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France Wants To Arm Satellites With Guns And Lasers

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#1 Adam Peter

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Posted 30 July 2019 - 1624 PM

IDK it belongs to Air, but it is above us, and not a rifle

 

Just after it announced that it was creating its own Space Command

 

 

Earlier this month, French President Emmanuel Macron announced the creation of a French space force that would be responsible for defending its satellites. It looks like they’re serious about that: France’s Minister of Defense announced a program that would develop nano satellites equipped with guns and lasers, according to Le Point (via Task & Purpose).

 

That money would go towards upgrading France’s network of Syracuse military communications satellites, which are operated by the French Navy. The military wants the next generation of satellites to come with cameras to identify adversaries, with a followup generation equipped with submachine guns and lasers to attack and disable other satellites.

 

The Ministry of Defense also says that it wants to be able to launch swarms of nano satellites into orbit that could protect strategic objects, and have the ability to launch satellites quickly to replace ones that have been lost.

 


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#2 Stuart Galbraith

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Posted 31 July 2019 - 0130 AM

Darth Macron is getting very, very ambitious.....


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#3 lastdingo

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Posted 31 July 2019 - 1623 PM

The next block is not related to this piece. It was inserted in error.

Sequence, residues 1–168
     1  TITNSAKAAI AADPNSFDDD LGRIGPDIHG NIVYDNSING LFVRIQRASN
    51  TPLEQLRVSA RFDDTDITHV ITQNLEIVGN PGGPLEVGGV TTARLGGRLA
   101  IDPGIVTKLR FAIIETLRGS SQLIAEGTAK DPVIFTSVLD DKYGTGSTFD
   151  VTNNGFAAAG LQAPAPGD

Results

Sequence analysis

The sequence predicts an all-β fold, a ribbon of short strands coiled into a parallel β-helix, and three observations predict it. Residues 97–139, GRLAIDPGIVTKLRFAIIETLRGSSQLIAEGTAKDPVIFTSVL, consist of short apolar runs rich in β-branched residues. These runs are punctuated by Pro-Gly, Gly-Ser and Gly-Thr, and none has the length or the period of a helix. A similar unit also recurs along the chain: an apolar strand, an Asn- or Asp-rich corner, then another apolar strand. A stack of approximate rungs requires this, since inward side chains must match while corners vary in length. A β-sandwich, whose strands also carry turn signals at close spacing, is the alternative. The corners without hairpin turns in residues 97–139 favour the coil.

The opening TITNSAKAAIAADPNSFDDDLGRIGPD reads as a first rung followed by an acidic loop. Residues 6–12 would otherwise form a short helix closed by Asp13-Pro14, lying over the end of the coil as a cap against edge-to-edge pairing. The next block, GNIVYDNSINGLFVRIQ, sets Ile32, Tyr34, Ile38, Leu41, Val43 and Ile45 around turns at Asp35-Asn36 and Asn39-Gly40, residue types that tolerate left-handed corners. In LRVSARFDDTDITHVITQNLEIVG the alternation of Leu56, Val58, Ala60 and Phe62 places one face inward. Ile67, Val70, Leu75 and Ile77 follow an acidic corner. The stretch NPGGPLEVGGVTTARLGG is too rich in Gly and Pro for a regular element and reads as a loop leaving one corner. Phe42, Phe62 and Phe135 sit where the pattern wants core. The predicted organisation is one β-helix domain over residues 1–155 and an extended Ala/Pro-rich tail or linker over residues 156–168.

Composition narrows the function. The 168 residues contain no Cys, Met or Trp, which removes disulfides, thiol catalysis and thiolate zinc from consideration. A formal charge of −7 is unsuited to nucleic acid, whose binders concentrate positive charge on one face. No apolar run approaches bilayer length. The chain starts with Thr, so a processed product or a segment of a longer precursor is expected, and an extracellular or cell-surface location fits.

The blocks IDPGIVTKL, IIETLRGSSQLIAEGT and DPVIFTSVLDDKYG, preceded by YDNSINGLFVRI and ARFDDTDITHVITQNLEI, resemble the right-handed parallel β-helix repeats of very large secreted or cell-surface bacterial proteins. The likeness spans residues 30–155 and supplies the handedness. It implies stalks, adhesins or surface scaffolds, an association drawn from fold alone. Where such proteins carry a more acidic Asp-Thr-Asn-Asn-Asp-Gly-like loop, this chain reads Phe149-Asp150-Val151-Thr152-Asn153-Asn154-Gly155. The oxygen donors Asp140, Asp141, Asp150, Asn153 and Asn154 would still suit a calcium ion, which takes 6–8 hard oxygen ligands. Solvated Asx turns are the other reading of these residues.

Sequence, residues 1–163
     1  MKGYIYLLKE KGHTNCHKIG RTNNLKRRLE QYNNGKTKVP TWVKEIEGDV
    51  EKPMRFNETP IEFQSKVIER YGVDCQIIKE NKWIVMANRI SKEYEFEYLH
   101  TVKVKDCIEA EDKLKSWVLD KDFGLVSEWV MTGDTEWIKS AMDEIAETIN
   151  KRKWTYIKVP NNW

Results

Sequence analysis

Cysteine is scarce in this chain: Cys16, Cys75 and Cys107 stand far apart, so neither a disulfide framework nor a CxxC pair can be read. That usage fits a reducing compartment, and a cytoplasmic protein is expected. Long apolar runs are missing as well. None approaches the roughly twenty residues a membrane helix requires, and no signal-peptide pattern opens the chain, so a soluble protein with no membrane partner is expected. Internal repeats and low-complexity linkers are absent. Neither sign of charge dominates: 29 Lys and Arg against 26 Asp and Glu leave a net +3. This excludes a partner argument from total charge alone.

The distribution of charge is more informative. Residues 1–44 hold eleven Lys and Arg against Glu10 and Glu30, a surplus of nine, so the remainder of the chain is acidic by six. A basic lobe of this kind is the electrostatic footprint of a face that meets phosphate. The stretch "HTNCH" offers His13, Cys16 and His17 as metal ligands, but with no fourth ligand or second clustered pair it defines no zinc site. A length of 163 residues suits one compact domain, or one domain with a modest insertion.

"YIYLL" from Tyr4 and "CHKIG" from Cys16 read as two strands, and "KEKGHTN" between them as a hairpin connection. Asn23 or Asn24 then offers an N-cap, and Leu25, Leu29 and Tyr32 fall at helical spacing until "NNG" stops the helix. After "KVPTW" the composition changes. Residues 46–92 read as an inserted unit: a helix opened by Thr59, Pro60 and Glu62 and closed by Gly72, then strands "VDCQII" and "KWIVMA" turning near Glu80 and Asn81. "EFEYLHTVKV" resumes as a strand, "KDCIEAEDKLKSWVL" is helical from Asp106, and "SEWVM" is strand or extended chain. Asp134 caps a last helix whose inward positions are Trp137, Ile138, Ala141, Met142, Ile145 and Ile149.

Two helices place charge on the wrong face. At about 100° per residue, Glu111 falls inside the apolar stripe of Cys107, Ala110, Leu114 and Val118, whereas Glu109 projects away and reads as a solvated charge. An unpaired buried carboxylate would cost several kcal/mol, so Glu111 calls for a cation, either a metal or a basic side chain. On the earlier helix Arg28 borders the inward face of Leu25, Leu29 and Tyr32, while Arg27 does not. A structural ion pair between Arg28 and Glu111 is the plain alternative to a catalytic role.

AFAIK you cannot "defend" satellites other than

- using really high orbits(up to geostationary)

- making them reflective to typical laser wavelengths

- minimising their radio frequency reflextiveness

- adding removable protective covers for optics

- adding material to them that can be sacrificed to laser hits (I don't find better words for it right now, but this was a discussed possible countermeasure to SDI lasers)

- preparing them for unpredictable orbit manipulations in times of crisis or war (essentially, more fuel)

- track potentially hostile objects that try to close with your satellites (to enable evasion)

 

Armament is not defensive; it's offensive. Moreover, an official policy to arm satellites is a dangerous precedent and should not be used unless Russian or Chinese satellites get armed in relevant quantities (including ones in storage and not yet launched).

 

 

Macron reminds me of Sarkozy with his impulsiveness and actionism. That's on the one hand a nice contrast to the do-nothing attitude of German conservatives (who are true conservatives = they want no change to anything if they can avoid it). On the other hand, all-too often Macron's ideas don't seem to be very good ones. He's an unimaginative standard neoliberal in domestic affairs and his foreign policy ideas are usually designed to sound spectacularly, but usually lead to nothing (so far).


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#4 Josh

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Posted 31 July 2019 - 2202 PM